Growth slowed down between the early 1880s and 1920s. Restrictions on both domestic and external competition help explain sluggish growth during the Restauración (1875–1923), despite the fact that institutional stability should have provided a favourable environment for investment and growth (Fraile Balbín 1991, 1998). Increasing tariff protection (Tena Junguito 1999), together with exclusion from the prevailing international monetary system, the gold standard , may have represented a major obstacle to Spain’s integration in the international economy (Martín-Aceña 1993; Bordo and Rockoff 1996). The Cuban War of Independence , despite the already weakened economic links between the metropolis and its colony, caused significant macroeconomic instability that brought forward the fall of the peseta and increased Spain’s economic isolation (Prados de la Escosura 2010). Macroeconomic instability, together with a ‘sudden stop’, reduced capital inflows leading to the depreciation of the peseta (Martín-Aceña 1993; Prados de la Escosura 2010) that, in turn, increased migration costs and reduced the outward flow of labour (Sánchez-Alonso 2000). Cuban independence had little direct economic impact on Spain’s economy but a deep indirect one, as the intensification of protectionist and isolationist tendencies in the early twentieth century seem to be its political outcome (Fraile Balbín and Escribano 1998). World War I hardly brought any economic progress and GDP per head shrank, a result in stark contradiction with the conventional stress on the war stimulating effects on growth. 1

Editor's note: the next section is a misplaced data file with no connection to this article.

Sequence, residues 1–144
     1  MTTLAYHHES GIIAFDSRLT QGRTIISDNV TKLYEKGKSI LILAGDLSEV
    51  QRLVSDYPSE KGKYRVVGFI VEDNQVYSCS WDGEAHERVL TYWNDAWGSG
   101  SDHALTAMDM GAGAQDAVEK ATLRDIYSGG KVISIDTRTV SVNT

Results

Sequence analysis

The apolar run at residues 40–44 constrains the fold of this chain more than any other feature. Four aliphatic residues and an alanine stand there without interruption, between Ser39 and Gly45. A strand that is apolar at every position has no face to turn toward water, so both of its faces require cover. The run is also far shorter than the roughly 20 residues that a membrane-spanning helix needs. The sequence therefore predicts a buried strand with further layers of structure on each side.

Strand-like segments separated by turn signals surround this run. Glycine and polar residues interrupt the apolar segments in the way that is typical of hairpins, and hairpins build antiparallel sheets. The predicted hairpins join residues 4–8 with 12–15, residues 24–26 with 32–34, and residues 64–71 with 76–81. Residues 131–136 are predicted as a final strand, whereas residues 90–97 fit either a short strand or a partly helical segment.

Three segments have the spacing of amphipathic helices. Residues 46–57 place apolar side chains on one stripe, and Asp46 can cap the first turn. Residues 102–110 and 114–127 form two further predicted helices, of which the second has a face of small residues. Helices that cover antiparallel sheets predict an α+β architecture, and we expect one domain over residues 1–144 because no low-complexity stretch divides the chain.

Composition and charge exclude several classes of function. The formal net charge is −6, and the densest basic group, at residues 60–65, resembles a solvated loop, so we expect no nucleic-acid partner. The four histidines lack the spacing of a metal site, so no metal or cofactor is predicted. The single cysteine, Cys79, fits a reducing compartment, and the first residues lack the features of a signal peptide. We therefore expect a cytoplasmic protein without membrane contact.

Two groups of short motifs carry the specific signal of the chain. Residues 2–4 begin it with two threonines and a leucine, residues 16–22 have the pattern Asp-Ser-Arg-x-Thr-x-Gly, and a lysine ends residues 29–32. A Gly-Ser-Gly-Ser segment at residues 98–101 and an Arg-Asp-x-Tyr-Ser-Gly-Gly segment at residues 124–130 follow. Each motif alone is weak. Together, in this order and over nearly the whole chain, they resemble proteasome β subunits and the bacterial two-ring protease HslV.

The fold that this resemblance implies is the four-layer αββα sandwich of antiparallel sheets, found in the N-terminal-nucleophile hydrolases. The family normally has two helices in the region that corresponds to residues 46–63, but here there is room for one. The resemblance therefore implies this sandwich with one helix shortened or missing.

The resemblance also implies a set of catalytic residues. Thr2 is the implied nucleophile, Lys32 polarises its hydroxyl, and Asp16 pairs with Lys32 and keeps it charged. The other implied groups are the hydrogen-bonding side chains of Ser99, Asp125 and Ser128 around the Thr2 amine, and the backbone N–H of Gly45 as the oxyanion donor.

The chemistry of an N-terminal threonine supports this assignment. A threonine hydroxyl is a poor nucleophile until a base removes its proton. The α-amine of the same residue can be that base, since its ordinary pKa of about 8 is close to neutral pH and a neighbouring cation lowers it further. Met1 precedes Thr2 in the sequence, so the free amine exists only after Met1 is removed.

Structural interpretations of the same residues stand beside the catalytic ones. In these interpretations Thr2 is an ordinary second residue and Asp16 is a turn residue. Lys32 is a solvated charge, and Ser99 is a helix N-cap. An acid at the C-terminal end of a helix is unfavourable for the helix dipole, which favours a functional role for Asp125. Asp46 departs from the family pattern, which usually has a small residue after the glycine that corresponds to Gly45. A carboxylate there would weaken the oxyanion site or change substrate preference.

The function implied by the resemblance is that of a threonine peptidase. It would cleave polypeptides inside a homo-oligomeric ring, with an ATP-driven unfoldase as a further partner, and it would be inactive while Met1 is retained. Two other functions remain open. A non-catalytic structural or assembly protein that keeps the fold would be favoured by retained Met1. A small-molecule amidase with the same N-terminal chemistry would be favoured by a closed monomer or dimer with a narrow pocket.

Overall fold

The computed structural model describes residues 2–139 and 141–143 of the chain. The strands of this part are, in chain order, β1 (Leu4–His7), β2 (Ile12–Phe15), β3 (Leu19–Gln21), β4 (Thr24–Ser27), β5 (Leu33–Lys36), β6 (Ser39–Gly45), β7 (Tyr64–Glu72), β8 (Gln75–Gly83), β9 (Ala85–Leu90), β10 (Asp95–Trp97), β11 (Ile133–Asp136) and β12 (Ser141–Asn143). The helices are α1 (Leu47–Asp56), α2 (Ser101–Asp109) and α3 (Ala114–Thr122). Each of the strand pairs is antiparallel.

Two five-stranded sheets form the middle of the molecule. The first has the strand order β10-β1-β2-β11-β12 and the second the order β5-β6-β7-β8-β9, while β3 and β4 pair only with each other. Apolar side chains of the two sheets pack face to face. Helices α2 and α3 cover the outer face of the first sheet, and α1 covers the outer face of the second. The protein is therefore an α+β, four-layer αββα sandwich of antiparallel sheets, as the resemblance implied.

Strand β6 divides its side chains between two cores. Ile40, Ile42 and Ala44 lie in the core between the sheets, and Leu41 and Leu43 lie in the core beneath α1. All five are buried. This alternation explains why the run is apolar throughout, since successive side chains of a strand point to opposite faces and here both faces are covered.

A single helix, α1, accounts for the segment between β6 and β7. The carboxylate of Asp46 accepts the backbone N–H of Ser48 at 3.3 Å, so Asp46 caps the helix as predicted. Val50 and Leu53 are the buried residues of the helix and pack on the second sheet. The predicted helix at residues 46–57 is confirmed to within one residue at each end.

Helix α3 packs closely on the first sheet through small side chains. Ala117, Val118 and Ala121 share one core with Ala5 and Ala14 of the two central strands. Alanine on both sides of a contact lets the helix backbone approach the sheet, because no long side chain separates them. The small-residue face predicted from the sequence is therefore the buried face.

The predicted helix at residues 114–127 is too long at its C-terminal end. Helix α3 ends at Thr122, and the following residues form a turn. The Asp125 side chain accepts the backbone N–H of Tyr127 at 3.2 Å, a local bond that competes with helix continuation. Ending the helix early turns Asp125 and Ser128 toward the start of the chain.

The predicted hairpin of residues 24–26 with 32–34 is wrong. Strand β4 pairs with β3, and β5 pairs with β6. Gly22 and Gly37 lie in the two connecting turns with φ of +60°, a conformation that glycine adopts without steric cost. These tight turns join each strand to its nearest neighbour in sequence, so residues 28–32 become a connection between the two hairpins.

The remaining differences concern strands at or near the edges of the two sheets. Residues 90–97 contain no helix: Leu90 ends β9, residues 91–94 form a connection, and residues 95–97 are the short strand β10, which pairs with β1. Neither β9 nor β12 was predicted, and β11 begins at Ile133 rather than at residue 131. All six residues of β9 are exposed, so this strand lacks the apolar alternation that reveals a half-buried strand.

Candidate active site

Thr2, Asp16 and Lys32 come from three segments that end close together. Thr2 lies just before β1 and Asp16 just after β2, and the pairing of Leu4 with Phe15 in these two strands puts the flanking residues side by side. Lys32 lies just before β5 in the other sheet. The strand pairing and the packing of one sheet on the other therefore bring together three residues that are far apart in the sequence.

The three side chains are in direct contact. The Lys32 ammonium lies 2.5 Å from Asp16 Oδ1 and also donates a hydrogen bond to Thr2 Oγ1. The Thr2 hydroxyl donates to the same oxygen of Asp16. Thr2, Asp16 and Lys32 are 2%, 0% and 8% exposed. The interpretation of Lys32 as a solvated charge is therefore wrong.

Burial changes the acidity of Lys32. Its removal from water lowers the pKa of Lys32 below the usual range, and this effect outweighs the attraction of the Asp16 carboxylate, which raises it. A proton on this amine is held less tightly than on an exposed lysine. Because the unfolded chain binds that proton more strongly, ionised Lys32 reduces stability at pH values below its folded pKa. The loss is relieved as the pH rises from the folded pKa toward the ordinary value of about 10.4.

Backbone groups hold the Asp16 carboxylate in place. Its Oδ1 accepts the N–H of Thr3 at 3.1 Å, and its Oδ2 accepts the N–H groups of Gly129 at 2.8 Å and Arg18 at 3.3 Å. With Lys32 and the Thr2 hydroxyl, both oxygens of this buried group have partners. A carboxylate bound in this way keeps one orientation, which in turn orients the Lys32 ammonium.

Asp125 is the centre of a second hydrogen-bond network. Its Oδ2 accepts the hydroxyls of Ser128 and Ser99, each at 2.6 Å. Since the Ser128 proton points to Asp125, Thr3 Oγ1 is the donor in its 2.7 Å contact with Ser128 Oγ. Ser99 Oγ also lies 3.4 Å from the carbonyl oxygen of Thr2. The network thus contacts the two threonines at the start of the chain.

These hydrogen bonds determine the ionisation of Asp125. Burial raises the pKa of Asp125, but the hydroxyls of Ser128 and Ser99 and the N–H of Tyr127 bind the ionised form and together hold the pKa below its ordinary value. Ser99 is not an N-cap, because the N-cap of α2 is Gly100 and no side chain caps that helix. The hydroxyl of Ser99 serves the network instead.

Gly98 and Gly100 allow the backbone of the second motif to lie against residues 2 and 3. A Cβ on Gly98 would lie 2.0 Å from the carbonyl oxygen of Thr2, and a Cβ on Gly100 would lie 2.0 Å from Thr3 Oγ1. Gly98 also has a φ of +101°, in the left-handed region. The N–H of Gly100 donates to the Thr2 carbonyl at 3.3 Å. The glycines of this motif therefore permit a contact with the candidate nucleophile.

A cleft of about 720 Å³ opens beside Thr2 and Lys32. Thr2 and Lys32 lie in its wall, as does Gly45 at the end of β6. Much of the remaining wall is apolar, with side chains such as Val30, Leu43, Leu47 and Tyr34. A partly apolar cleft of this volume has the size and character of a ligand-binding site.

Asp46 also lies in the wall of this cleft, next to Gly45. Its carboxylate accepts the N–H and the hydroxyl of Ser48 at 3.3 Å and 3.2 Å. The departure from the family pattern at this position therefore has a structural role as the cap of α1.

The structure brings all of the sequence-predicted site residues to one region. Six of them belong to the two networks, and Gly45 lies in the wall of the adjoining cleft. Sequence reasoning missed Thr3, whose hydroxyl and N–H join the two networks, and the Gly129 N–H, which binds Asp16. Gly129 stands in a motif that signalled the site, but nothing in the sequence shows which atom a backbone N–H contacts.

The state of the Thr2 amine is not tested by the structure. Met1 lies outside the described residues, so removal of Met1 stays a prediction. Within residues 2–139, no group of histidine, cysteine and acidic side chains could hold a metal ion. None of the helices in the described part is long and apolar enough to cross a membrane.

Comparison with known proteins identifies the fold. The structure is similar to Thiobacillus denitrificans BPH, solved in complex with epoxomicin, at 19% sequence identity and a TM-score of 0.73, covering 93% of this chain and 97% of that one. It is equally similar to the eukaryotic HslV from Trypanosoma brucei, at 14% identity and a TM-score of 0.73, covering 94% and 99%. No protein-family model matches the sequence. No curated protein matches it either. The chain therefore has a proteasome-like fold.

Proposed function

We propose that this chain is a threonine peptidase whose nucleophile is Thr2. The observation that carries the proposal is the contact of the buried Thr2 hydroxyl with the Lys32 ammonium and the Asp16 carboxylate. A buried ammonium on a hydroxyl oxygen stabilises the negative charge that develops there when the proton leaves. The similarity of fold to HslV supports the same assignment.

The 1920s represented the period of most intense growth prior to 1950. The hypothesis that Government intervention, through trade protectionism, regulation, and investment in infrastructure, was a driver of growth has been widely accepted (Velarde 1969). The emphasis on tariff protectionism tends to neglect, however, that Spain opened up to international capital during the 1920s, which allowed the purchase of capital goods and raw materials raw materials and, hence, contributed to growth acceleration.

A fourth long swing took place between 1929 and 1950, which includes the Great Depression , the Civil War , and post -war autarkic policies, is defined by economic stagnation and shrinking GDP per head . The impact of the Depression, measured by the contraction in real GDP per head, extended in Spain, as in the USA, until 1933, with a 12% fall (against 31% in the USA), lasting longer than in the UK (where it ended in 1931 and real per capita GDP per head shrank by 7%) and Germany (1932 and 17% decline, respectively), but less than in Italy (1934 and 9% contraction) and France (1935 and 13% fall). Thus, the Depression, with GDP per head falling at −3.1% annually (−1.5% for absolute GDP), was milder than in the USA but similar in intensity to Western Europe’s average (Maddison Project 2013), a finding that challenges the view of a weaker impact due to Spain’s relative international isolation and backwardness . The Civil War (1936–1939) prevented Spain from joining the post post-Depression recovery and resulted in a severe contraction of economic activity (31% drop in real per capita income between levels in 1935 and the 1938 trough) that, nonetheless, did not reach the magnitude of World War II impact on main belligerent countries of continental Western Europe (in Austria, the Netherlands, France, and Italy per capita income shrank by half and in Germany by two-thirds) (Maddison Project 2013). 2